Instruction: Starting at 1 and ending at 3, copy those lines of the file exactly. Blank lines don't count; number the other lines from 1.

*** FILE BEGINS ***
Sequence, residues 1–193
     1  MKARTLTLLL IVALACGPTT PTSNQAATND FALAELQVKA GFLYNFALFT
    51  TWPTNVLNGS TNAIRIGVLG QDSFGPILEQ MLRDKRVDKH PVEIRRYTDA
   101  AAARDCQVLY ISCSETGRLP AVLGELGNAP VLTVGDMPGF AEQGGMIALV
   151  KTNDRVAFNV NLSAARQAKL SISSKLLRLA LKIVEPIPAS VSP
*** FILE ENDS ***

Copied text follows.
Sequence, residues 1–193
     1  MKARTLTLLL IVALACGPTT PTSNQAATND FALAELQVKA GFLYNFALFT
    51  TWPTNVLNGS TNAIRIGVLG QDSFGPILEQ MLRDKRVDKH PVEIRRYTDA